Smoke Free Bars and Taverns Improve Bartenders' Respiratory Health


smoking in bar   Summarized by J.W. Jenne, M.D.
MASCOT Representative

A nearly flawless prospective study has just been published in the Journal of the American Medical Association (JAMA) about the acute beneficial effects of removal from environmental tobacco smoke (ETS) on the respiratory health of bartenders [1].

This paper is also useful in reviewing the conflicting studies on the acute effects of ETS, in contrast to the strong epidemiological evidence of long term effects on lung cancer and atherosclerotic cardiovascular disease; it also contains many references.

Fifty-three volunteering bartenders from 25 bars were interviewed and underwent spirometry (forced expired volumes of air) prior to and following institution of the smoking ban in California bars and taverns. Exposure to ETS averaged 28 hours per week before, and two hours per week after the ban.

Particular attention was paid to (1) bronchial ("respiratory") symptoms of wheezing, dyspnea (shortness of breath), morning cough, cough during the rest of the day or night and phlegm production, and (2) "sensory irritation symptoms" of red, teary or irritated eyes, runny nose, sneezing or nose irritation, and sore or scratchy throat. These were noted during the previous four weeks before the ban and in the first and second months afterwards. Nine participants (17%) had a history of physician-diagnosed asthma, and nearly half (45%) were current smokers.

The most dramatic findings were the very significant reduction in cough, phlegm and sensory irritation symptoms. Wheezing also occurred less often. Before the ban, 39 bartenders (74%) initially reported respiratory symptoms. At follow-up, 23 of these (59%) no longer had symptoms. Forty-one bartenders (77%) initially reported sensory irritation symptoms.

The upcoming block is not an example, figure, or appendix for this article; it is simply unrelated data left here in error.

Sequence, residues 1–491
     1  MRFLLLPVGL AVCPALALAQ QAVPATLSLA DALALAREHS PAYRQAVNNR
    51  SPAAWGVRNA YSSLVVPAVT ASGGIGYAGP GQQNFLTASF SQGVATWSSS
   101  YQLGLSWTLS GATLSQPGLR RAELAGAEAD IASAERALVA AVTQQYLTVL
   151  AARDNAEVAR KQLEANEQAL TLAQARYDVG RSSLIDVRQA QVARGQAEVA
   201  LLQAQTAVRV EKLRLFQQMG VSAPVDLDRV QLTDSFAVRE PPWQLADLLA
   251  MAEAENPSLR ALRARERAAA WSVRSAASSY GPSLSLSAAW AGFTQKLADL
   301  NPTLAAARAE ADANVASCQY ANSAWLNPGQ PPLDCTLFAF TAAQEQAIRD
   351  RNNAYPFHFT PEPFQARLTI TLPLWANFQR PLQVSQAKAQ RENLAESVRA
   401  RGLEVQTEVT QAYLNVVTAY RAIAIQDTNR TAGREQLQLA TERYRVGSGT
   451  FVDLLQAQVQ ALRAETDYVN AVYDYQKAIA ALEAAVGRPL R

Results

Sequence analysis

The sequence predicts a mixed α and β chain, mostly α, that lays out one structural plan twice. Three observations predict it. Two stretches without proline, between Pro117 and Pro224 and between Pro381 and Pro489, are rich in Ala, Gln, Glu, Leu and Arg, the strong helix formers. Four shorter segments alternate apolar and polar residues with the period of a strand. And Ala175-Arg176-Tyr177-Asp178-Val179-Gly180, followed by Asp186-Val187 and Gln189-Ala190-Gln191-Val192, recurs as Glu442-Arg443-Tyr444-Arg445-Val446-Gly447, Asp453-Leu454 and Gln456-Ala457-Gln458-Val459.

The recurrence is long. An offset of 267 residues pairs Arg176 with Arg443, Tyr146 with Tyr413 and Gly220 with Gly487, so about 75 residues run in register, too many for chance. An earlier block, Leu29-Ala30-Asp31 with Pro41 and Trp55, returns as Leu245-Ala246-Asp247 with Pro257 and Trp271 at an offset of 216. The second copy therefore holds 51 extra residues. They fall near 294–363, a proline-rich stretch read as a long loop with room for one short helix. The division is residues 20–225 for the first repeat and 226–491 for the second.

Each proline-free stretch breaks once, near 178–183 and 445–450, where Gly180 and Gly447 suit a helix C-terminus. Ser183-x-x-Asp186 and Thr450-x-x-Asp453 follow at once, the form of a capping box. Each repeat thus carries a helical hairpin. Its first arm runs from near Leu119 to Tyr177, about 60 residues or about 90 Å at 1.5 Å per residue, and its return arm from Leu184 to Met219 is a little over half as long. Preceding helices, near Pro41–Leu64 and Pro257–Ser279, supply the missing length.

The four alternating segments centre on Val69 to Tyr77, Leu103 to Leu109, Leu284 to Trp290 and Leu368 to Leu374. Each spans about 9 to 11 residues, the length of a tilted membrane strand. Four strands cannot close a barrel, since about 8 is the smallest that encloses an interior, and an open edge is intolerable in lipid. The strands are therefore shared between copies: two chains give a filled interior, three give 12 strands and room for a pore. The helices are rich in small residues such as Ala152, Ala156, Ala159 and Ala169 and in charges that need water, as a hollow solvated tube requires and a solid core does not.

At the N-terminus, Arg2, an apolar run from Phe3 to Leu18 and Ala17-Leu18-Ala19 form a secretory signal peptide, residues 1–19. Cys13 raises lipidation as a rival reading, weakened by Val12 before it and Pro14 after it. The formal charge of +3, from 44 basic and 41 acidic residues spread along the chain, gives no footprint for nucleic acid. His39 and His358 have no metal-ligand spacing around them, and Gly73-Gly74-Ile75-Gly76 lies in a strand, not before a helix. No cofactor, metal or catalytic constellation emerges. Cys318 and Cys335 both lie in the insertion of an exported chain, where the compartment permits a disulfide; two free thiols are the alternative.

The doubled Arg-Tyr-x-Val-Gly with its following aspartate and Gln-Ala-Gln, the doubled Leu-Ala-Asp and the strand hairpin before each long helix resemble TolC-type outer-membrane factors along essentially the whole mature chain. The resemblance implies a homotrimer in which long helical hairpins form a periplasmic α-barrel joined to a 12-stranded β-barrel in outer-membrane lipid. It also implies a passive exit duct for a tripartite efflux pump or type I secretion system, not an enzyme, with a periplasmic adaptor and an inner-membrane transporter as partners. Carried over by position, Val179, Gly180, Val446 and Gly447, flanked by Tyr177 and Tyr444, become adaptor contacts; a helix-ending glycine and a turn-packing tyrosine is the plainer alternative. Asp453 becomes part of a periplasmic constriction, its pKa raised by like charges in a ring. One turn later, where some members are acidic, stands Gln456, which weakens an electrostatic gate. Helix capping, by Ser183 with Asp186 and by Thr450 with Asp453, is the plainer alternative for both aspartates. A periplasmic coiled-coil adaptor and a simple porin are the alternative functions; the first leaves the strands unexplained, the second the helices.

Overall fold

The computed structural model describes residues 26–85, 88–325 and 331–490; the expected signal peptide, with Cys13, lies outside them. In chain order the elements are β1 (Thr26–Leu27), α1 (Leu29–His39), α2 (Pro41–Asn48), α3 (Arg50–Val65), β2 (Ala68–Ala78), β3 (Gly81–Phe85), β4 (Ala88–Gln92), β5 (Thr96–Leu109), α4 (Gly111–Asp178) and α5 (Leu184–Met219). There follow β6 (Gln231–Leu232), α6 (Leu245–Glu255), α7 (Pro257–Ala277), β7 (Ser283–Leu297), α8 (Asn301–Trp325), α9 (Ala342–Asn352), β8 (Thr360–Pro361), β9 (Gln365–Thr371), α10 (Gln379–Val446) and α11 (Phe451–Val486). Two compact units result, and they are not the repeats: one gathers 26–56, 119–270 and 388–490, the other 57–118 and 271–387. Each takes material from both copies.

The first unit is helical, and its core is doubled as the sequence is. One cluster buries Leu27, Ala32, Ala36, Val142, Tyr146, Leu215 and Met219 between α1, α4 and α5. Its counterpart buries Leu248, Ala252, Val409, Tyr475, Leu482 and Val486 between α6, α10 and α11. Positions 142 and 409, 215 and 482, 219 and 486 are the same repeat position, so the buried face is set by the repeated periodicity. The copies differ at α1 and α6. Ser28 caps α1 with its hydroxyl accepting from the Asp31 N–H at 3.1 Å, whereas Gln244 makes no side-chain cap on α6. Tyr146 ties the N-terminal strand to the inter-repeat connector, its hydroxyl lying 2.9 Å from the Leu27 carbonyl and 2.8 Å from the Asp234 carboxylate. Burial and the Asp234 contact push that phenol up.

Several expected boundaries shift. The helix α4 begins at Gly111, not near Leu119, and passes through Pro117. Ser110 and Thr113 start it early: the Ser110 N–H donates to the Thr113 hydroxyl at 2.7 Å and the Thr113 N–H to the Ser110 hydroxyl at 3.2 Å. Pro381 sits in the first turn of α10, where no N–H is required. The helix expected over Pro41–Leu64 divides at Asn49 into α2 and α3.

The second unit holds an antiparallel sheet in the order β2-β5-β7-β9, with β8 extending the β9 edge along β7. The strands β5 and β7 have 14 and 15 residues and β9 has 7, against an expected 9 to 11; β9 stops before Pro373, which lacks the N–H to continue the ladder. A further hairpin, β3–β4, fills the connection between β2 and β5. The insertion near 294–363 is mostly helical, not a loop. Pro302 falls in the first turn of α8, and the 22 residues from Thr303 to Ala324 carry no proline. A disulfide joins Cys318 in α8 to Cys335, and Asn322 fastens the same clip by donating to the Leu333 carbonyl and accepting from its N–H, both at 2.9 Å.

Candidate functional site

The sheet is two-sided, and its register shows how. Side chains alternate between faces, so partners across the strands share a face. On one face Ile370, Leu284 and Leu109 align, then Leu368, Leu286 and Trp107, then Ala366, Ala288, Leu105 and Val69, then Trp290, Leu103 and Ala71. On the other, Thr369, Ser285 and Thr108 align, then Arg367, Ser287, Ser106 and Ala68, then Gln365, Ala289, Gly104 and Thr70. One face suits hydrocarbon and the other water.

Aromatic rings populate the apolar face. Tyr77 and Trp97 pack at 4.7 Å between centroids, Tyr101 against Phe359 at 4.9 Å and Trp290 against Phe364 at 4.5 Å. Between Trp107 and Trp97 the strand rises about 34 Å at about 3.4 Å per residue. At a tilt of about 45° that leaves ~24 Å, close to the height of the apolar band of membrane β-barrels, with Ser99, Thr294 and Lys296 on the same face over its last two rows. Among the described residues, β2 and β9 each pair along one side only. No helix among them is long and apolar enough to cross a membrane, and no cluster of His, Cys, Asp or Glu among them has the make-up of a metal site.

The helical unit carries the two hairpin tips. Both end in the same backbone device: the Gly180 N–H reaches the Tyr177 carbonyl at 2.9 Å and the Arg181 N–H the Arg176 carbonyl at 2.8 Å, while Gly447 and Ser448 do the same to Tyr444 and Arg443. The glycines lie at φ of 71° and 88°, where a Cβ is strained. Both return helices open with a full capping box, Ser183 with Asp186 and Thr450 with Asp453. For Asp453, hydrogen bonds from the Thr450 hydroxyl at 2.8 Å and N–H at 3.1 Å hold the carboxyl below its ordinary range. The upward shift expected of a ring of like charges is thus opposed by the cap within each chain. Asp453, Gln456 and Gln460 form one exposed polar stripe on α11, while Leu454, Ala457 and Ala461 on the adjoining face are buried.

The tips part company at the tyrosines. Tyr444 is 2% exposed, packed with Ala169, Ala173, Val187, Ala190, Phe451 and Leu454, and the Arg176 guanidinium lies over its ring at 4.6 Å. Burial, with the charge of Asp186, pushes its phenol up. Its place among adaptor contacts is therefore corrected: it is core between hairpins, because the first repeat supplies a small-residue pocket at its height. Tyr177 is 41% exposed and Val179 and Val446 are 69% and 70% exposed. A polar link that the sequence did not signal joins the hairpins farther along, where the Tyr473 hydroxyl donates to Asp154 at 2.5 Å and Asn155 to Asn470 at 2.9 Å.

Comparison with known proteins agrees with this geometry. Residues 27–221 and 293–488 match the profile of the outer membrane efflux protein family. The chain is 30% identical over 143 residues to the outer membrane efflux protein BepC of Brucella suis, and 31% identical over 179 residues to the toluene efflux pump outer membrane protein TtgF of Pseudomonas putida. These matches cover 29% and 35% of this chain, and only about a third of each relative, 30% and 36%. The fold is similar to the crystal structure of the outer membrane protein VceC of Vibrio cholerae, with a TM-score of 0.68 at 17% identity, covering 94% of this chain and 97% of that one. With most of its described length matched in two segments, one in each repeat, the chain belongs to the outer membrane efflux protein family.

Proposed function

At follow-up, 32 of these (78%) had resolution of symptoms. Even smokers improved. There was also improvement in mean forced vital capacity (FVC) of 0.189 L (4.2% change) and mean forced expiratory volume in one second (FEV-1) of 0.039 L (1.2%). These increased to 6.8 % and 4.5% where complete cessation of ETS exposure occurred. The figures are consistent with many studies in smokers with values in a normal range when simply quitting smoking.

It must be stressed that bars have four to six times higher peak levels of ETS than most other non-smokefree workplaces. Hence these results represent the worst extreme. Also, two deficiencies in the study are that interviewers could not be blinded, and subjects might also have expected these results. Yet, the fact that most subjects were initially biased against the ban somewhat mitigates the latter criticism. This study will be a strong argument against exposure to constant environmental tobacco smoke.

[1] Eisner MD, Smith AK, Blanc PD. Bartenders' respiratory health after establishment of smoke-free bars and taverns. JAMA, Dec. 9, 1998, 280: No. 22, 1909-1914.

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Health of Bartenders Improves Rapidly When Bars Become Smoke-free
Journal of the American Medical Association Abstract - December 9, 1998